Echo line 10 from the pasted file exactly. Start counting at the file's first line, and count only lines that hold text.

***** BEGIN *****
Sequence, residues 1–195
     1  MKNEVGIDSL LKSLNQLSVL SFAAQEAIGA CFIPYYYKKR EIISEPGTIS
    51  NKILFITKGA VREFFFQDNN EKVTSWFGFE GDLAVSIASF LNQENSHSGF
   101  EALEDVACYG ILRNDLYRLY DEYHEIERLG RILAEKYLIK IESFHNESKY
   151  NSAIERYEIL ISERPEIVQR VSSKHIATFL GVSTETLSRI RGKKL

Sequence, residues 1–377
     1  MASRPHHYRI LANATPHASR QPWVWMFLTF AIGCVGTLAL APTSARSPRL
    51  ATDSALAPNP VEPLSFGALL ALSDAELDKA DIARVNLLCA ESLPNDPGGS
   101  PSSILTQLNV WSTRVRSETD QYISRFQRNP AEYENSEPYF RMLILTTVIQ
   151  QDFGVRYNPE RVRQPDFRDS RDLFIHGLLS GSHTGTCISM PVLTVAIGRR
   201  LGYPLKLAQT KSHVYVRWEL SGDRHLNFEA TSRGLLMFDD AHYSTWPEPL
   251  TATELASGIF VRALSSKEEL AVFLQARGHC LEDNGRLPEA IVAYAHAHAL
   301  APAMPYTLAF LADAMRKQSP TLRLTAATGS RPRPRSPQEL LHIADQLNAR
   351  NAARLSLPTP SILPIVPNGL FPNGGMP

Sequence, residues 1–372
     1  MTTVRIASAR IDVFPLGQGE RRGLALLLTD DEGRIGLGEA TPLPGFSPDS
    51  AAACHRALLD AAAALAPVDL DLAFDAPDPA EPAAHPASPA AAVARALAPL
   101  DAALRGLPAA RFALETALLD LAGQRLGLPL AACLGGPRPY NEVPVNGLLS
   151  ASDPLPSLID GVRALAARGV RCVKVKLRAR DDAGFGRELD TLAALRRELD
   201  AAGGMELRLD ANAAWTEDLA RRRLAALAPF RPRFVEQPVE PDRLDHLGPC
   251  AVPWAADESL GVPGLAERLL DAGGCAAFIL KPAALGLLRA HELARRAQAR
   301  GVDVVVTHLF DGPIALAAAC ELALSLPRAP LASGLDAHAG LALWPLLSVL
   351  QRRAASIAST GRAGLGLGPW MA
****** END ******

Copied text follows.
   151  QDFGVRYNPE RVRQPDFRDS RDLFIHGLLS GSHTGTCISM PVLTVAIGRR